Researchers may have found a test to diagnose neurological disorders such as Parkinson’s disease earlier, according to a new study published in the journal Physical Review Applied.
The study, “Fluctuations in Protein Aggregation: Design of Preclinical Screening for Early Diagnosis of Neurodegenerative Disease,” was conducted by Giulio Costantini, from the University of Milan, and his colleagues.
Several neurological diseases are characterized by the accumulation or aggregation of dysfunctional proteins, such as amyloid beta (Alzheimer’s disease) or alpha-synuclein (Parkinson’s disease), which cause neuronal death and brain dysfunction. The diseases are detectable when more advanced stages have developed in patients, but the new solutions might detect the protein abnormalities much earlier.
One promising option may be the use of microfluidic devices that are already employed to monitor protein aggregation in samples from patients already diagnosed. For preclinical diagnosis, the system would be amplified on small quantities of protein aggregates.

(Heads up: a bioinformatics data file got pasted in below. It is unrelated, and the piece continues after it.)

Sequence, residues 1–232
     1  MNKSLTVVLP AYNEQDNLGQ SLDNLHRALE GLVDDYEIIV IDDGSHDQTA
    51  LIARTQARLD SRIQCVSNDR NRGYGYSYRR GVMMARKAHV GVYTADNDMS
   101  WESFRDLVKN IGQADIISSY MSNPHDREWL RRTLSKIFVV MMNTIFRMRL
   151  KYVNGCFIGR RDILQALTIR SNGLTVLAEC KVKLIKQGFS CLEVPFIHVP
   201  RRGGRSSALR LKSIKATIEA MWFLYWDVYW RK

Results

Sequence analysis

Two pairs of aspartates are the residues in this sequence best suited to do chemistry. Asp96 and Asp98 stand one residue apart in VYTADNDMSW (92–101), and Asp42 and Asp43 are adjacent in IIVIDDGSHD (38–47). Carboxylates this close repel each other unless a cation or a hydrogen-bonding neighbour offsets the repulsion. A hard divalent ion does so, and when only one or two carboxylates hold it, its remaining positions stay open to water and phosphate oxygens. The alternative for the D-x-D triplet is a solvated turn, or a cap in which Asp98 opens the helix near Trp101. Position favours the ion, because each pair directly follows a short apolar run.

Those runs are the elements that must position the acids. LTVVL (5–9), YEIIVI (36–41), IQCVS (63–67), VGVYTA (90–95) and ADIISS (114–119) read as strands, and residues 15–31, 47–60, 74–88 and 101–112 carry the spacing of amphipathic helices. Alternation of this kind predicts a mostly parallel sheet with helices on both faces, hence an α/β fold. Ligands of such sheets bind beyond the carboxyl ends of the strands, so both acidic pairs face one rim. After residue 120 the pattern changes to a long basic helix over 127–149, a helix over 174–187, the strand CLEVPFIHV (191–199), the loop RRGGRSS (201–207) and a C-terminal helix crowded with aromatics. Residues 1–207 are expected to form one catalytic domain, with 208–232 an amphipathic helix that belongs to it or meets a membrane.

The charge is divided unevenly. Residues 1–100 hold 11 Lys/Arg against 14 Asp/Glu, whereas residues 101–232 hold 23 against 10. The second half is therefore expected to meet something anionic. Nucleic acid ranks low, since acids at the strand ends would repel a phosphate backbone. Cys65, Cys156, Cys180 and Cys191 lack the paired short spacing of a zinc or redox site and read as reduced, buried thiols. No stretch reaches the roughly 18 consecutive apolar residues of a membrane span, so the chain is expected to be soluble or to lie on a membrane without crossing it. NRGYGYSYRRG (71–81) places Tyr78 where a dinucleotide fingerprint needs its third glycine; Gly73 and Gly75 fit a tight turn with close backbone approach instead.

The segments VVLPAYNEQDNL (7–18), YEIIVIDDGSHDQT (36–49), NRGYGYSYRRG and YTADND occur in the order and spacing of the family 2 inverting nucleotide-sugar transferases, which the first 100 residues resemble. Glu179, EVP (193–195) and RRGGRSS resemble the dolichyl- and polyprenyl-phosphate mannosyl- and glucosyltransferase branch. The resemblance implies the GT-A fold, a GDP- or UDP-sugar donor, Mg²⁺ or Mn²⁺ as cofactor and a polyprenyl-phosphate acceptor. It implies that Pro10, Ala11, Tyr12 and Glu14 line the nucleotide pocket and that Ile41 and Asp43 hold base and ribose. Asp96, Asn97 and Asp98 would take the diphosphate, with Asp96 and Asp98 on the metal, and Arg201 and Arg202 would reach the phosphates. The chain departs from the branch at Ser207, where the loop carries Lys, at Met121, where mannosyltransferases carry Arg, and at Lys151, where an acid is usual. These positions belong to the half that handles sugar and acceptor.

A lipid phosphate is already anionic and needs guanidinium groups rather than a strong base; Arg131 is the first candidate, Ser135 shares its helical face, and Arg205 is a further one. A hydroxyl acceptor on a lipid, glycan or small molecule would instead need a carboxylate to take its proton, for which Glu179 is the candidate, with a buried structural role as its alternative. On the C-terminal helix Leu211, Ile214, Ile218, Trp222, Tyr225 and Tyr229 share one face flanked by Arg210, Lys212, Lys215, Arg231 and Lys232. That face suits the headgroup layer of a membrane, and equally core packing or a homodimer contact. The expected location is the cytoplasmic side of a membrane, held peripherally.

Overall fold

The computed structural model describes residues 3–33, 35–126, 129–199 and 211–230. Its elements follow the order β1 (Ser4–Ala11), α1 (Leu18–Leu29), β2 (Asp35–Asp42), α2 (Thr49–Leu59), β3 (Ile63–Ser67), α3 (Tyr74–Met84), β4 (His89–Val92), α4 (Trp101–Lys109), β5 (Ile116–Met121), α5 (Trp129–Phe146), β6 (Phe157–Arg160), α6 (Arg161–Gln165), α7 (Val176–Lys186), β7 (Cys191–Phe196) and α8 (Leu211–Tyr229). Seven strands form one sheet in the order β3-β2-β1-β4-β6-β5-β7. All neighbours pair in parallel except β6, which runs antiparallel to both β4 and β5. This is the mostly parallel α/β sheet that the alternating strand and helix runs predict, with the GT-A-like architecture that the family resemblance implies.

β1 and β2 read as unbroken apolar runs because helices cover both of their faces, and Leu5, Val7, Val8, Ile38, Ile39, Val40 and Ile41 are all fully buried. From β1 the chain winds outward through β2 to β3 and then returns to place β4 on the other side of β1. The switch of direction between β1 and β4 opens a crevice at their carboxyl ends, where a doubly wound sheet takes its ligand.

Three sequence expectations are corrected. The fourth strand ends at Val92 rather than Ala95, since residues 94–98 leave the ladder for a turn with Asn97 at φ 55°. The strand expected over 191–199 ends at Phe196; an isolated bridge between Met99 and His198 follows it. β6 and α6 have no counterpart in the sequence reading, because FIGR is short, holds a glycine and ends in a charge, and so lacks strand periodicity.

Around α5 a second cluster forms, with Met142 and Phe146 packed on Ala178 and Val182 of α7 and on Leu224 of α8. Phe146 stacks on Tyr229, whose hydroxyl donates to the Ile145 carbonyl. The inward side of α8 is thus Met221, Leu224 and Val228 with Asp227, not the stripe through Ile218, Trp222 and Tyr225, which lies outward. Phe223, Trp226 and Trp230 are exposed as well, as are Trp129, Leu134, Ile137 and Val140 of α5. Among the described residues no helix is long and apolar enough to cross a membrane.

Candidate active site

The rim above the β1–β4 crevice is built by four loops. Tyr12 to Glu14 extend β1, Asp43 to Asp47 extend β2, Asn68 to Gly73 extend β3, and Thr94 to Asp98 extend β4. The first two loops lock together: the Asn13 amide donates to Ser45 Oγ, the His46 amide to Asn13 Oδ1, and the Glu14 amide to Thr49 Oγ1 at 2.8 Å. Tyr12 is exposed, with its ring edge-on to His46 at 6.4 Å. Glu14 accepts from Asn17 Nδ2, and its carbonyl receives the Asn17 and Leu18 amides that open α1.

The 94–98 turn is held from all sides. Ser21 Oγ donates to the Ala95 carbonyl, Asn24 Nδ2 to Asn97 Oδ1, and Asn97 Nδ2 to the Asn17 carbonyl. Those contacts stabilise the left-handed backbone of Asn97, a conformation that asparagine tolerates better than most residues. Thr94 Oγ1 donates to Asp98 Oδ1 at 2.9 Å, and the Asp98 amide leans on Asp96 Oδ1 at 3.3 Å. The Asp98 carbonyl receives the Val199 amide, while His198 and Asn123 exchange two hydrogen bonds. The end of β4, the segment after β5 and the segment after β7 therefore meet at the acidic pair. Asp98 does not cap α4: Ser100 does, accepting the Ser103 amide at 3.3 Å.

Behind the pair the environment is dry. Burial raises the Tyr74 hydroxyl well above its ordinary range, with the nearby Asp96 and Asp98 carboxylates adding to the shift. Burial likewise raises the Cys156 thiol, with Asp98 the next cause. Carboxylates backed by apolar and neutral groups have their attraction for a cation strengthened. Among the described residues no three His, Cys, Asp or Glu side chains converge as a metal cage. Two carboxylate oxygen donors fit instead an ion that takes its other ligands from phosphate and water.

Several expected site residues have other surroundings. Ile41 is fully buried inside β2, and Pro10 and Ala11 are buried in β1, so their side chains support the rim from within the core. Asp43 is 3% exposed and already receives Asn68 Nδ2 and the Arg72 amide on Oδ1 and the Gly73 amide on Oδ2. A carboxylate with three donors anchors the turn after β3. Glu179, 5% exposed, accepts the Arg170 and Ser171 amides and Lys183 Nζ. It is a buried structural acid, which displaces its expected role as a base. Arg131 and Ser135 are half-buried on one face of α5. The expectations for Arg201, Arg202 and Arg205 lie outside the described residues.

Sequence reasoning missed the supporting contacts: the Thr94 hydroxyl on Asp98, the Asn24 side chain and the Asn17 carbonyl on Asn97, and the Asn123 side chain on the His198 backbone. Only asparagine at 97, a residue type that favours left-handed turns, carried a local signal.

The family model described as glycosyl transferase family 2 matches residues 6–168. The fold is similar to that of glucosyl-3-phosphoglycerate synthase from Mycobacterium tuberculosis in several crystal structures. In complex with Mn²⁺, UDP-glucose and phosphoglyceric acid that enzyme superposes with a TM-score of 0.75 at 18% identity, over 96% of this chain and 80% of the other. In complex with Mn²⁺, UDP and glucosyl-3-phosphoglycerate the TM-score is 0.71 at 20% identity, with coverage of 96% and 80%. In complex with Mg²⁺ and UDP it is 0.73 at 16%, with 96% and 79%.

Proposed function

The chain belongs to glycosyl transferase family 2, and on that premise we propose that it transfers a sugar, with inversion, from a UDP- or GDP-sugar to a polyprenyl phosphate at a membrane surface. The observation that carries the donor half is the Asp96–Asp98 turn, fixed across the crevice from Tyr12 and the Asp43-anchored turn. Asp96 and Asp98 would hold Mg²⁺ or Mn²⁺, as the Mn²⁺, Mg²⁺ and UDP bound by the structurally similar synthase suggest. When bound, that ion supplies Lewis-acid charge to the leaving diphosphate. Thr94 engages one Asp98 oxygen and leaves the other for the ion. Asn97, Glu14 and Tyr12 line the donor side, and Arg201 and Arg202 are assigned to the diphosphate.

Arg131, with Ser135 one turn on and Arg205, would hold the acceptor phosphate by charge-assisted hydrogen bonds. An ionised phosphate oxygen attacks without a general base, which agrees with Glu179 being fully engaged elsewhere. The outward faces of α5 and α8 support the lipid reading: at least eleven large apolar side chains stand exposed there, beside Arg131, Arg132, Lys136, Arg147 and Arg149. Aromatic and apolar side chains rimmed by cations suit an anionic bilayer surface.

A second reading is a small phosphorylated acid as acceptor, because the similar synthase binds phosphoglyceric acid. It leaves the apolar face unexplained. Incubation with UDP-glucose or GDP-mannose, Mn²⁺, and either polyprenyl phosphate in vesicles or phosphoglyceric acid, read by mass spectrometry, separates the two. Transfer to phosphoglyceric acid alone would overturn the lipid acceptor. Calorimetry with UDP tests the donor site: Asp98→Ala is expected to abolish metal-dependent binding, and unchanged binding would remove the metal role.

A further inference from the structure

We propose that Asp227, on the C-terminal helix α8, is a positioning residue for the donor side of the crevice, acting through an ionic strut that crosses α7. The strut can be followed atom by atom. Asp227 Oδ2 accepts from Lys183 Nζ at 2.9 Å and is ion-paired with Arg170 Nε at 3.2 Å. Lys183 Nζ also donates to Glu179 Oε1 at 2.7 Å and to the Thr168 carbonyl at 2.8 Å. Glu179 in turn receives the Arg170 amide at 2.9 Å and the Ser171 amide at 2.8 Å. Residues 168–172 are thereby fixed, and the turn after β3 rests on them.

For detecting the onset of aggregation, while avoiding the risk of false detection, the researchers used a three-dimensional computational model to see protein aggregation in small samples and any fluctuations on the protein concentration dependent on the sample volume.
The analysis will allow the team to design and validate a preclinical screening test based on the quantification of the exact number of aggregates initially present in the given sample.
“This is the first proof of concept ‘in silico’ that could guide the development of a test ‘in vitro’ to identify neurodegenerative disease before symptoms appear,” Caterina la Porta, the leading author of the study, said in a news release.
The earlier the diagnosis of Parkinson’s disease, the better for the patient because earlier treatment will likely delay disease progression.
Although there are no known therapies to cure the disease, several drugs used to treat other health conditions are currently undergoing trials as promising therapies for Parkinson’s. Examples include the diabetes drugs Victoza (liraglutide), and Byetta/Bydureon (exenatide).